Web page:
By Sunday the Bring and Buy was a very quiet place with no queue and about half as many games as either of the prior days. Some sellers cut their prices on the last day though, and I was able to find one such game as well as another that is hard to find in the UK.
  • Ganymede is a game that I've wanted for a while. When I saw that Lucky Duck Games has the license I thought we'd get the chance to try it, but then I realised their license wasn't for Europe. Whilst I probably overpayed for this one, it seems pretty hard to find in the UK, so I'm happy with my choice.
  • Now Boarding is a recent release from Tim Fowers that seemed to go out of stock after rave reviews from No Pun Included. We've been fans of a number of his games and the airline theme is one that looks really appealing. This game was reduced by the seller from £38 to £24, which is still quite pricey, but good for a game I currently can't buy in stores,

Things we Saw
  • Sierra West is a western in 4 parts. Basic gameplay remains the same along all games, you have a wagon that is traveling along a trail and some explorers climbing a mountain. Along the way you will collect new trail cards which will improve your actions via upgrading one of 2 paths on your personal board. Building homes in your camp may improve your actions too, but once both your meeples have headed out on the trail there will be no-one left to grant those bonuses to you.
    Sierra West
  • Iron Forest is an upcoming release from Brain Games following on from the Ice Cool series. It's another game in a box where the game box becomes the playing area. Though this time the game forms two layers. You'll be using the same weeble-style flicking mechanism to move around, but gaps in the top floor can drop you down to the ground below. Not to fear there is a chute on the side with a flicker that you can use to propel yourself up to the upper echelons. Iron Forest is sure to be full of table-appeal!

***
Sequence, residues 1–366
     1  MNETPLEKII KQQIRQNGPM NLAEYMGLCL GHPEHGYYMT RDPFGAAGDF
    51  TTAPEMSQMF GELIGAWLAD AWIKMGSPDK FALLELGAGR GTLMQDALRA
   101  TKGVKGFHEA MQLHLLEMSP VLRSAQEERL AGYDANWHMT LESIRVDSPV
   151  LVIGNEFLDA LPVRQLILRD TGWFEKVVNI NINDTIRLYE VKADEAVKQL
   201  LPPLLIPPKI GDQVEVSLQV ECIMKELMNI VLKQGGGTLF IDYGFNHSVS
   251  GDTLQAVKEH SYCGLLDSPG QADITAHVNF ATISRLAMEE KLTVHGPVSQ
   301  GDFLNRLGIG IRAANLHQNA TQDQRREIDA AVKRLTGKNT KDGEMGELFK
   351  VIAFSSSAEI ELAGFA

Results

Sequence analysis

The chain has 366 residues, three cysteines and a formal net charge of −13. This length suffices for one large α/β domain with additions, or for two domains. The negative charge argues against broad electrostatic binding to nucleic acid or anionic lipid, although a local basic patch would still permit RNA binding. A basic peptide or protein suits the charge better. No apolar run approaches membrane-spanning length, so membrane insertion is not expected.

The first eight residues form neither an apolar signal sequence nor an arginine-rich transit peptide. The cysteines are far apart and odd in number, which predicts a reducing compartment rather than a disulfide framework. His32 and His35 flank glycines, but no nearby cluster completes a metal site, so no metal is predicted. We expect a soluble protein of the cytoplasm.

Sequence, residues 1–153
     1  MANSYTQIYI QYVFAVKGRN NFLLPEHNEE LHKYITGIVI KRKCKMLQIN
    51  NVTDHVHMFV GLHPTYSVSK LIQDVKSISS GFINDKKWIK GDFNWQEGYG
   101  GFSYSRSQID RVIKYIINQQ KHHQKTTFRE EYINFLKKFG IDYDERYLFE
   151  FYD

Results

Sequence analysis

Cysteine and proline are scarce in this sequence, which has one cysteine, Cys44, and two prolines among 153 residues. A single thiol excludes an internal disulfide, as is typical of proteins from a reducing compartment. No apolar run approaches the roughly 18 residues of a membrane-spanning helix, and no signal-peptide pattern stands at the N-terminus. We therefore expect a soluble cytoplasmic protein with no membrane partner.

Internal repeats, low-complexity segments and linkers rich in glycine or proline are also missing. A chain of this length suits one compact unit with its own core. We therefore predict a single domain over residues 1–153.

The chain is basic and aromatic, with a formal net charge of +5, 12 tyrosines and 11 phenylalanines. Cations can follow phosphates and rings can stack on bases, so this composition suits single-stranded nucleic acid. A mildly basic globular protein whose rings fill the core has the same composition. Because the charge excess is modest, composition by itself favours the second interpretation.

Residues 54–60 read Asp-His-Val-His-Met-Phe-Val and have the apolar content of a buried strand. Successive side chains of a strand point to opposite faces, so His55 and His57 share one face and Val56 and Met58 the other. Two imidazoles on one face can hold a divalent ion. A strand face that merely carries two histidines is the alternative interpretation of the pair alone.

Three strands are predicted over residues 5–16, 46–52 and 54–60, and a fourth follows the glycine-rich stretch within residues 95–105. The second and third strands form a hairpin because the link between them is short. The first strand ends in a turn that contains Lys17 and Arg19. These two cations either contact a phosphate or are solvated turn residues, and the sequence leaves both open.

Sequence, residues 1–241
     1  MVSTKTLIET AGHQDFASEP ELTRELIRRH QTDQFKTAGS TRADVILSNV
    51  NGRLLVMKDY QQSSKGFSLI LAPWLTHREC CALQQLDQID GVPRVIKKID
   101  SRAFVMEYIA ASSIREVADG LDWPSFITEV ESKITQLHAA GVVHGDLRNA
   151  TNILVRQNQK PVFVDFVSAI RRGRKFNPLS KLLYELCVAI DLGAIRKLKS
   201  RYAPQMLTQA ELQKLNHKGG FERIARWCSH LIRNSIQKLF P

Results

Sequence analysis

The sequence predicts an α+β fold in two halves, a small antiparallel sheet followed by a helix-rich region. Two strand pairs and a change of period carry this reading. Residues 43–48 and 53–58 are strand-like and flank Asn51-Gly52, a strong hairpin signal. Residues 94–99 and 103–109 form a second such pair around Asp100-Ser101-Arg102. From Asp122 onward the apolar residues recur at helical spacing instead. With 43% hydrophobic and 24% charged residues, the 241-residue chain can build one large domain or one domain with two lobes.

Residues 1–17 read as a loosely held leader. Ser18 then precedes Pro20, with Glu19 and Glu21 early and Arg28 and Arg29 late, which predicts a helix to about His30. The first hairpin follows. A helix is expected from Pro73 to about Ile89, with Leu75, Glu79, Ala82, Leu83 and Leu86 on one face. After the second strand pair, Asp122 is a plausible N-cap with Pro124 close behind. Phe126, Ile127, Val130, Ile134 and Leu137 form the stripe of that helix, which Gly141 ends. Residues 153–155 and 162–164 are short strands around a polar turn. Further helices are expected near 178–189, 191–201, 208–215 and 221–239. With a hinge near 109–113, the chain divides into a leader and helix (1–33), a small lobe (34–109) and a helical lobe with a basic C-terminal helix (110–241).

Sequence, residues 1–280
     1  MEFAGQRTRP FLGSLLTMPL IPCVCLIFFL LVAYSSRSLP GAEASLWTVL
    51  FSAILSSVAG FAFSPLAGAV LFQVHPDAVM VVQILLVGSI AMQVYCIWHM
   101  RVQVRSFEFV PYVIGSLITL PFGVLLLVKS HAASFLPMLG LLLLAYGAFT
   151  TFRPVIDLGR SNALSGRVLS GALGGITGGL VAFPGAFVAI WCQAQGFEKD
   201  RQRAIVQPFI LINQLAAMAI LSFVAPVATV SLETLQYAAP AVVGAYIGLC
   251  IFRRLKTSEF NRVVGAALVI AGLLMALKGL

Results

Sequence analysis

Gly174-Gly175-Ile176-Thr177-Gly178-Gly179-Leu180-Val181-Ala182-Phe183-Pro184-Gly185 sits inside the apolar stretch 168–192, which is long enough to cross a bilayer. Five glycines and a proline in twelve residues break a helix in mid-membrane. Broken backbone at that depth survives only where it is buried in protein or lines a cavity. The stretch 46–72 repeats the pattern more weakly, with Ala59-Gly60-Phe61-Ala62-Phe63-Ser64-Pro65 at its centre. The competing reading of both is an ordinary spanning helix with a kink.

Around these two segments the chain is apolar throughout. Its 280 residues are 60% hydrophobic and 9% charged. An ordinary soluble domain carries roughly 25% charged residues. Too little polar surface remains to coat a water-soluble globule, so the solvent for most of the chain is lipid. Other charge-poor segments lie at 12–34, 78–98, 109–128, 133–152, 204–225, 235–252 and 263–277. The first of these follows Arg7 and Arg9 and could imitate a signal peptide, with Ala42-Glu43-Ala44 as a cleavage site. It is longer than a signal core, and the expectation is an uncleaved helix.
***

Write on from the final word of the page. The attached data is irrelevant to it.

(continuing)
Iron Forest
  • T.I.M.E. Stories is returning with its second season, T.I.M.E. Stories: Revolution. This time there is going to be less focus on the overarching story and more focus on the individual receptacles that you posses during the game. This includes individual conversation options depending on which characters are talking and hidden personal objectives to give the players a more personalized experience. If you liked Time Stories for the overarching story there will be a separate box that you can buy that allows you to run the games as an overarching campaign like season one and ties the story of each mission together.
T.I.M.E Stories: Revolution
  • Aeolis is the second game coming from Dreamcraft Games who's stand lured us over with some impressive miniature sculpts. Aeolis is a cooperative city defence game where each player will take the role of different noteables from the city seeking to defend it from pirates, barbarians and other incursions. Depending who you play as you will approach problems in different ways, the Queen is able to use diplomacy, while the witches are happier throwing fireballs.

Fi's highlight from Day 3 - Loot Pile

Loot piles...some love them and some hate them. Much as they are a hideous mountain to consumerism - I love seeing what games people bring home from conventions. Our loot pile is ridiculous, it has enable be to get my coveted 500 board game microbadge over on BoardGamGeek and we have nowhere to house it except the floor. I will probably not play some of these game before next years expo, like man games in years before. But, I did restrain myself and the quality of the games I selected to buy is something I'm really happy with. It's also worth nothing that a portion of the pile is review copies, kindly given to us by publishers so we'll have a lot of exciting content on the way soon.

Amy's highlight from Day 3 - Seeing Friends

The Expo isn't only about seeing new games, it's also about seeing old friends. The love of board games brings people from all over the country and for me it's a rare chance to catch up with some of my old university friends, friends who no-longer live so locally or even friends that I have met through the board game industry. Indeed many people barely step foot in the trade hall at all, but instead use UKGE as an excuse to see those dear to them and bond over 3 days of epic gaming from the moment the sun rises to the wee hours of the early morning. Some of the highlights of the show were playing party games with people I haven't seen for months, or even years!